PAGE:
Every day for more than eight years, I took Story Avenue to weave my way toward my work office in a renovated Catholic church on Pain Street.
It wasn’t until yesterday, driving down Interstate 64, that I saw the Exit for Story Avenue and thought, “Story. Story Avenue. Like a story you write!” That was the exact occurrence of words as they assembled into thoughts in my head.
It’s funny how words get stuck in Wernicke’s area of your brain matter, getting assigned meaning as if your mind is separate from you. For all these years, even as a writer, I attached the Story in Story Avenue to a building floor, as in, “…the house behind that street sign is two stories tall.” That is what I read every morning as I drove by, Monday through Friday, year after year.
This also happened recently with a song I’ve been singing all my life.
I’ve heard the Beatle’s, “Baby you can drive my car,” almost as many times as I have heard my own name being said. After years upon years upon years of hearing this song, not once did I ever reconsider my interpretation of its lyrics from the time I first heard it.
Growing up a young child of the 70s, I knew the Beatles were rock stars, and all rock stars drove super cool cars. Of course, “Baby You Can Drive My Car,” was their anthem to let their girlfriends know they too would get a chance to take the wheel.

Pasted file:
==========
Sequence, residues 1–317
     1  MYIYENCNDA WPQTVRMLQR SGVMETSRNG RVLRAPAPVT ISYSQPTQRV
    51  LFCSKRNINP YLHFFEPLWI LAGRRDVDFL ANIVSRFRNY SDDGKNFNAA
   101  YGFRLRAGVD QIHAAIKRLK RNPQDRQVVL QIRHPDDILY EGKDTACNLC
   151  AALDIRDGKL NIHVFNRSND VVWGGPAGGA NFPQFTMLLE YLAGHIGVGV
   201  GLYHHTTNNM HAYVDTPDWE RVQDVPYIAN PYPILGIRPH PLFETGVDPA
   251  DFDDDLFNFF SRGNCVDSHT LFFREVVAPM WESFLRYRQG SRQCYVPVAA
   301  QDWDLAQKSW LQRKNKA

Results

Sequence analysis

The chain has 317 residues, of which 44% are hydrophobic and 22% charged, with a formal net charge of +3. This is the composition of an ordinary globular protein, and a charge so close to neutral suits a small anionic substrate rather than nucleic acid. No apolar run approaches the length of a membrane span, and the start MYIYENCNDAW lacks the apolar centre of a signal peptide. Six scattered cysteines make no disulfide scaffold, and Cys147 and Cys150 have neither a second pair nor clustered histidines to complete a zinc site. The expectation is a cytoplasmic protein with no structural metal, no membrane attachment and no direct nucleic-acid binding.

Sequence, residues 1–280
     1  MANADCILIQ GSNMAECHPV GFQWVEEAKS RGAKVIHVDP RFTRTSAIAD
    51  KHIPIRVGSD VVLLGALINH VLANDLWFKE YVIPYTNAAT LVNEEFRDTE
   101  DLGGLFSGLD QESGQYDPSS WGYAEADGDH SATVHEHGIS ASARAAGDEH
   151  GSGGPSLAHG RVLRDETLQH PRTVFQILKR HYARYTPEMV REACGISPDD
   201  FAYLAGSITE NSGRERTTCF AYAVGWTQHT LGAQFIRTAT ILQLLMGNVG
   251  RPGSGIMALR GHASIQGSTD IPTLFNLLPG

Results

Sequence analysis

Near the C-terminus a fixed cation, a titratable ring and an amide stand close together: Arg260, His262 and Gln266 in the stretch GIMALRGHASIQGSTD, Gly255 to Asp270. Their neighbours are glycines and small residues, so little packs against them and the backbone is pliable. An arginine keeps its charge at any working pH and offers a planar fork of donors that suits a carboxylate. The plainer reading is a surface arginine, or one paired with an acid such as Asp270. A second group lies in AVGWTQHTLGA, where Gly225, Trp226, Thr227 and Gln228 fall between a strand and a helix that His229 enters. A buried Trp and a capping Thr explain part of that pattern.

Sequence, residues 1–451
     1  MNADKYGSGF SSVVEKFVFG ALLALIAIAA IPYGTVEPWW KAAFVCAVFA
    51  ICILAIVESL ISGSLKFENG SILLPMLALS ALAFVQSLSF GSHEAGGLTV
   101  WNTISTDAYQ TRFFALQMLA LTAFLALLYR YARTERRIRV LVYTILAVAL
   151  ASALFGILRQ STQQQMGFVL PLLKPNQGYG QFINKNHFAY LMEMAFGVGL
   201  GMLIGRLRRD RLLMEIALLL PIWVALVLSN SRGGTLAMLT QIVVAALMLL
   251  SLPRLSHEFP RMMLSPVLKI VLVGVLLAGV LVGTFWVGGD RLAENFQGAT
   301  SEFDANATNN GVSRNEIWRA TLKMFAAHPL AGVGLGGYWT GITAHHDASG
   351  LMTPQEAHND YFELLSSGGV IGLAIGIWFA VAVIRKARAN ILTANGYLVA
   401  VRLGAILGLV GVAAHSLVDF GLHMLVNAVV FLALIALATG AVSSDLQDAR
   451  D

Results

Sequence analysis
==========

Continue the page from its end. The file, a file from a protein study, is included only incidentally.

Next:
When I was seven, I was at the gym with my mom—during my younger years, she was on a women’s traveling volleyball team and I spent many evenings watching her play volleyball in gyms around town. One such evening, she told me to ask the guy waiting to play a few courts over if he would take us for a ride in his new Corvette.
I wasn’t sure who she was talking about and asked the wrong guy. The right guy with the new Corvette eventually got the message and ended up being my dad a few short years later.
But that’s a different story.
Just like thinking, “Baby you can drive my car,” was about getting the privilege to take the wheel–not be someone’s driver.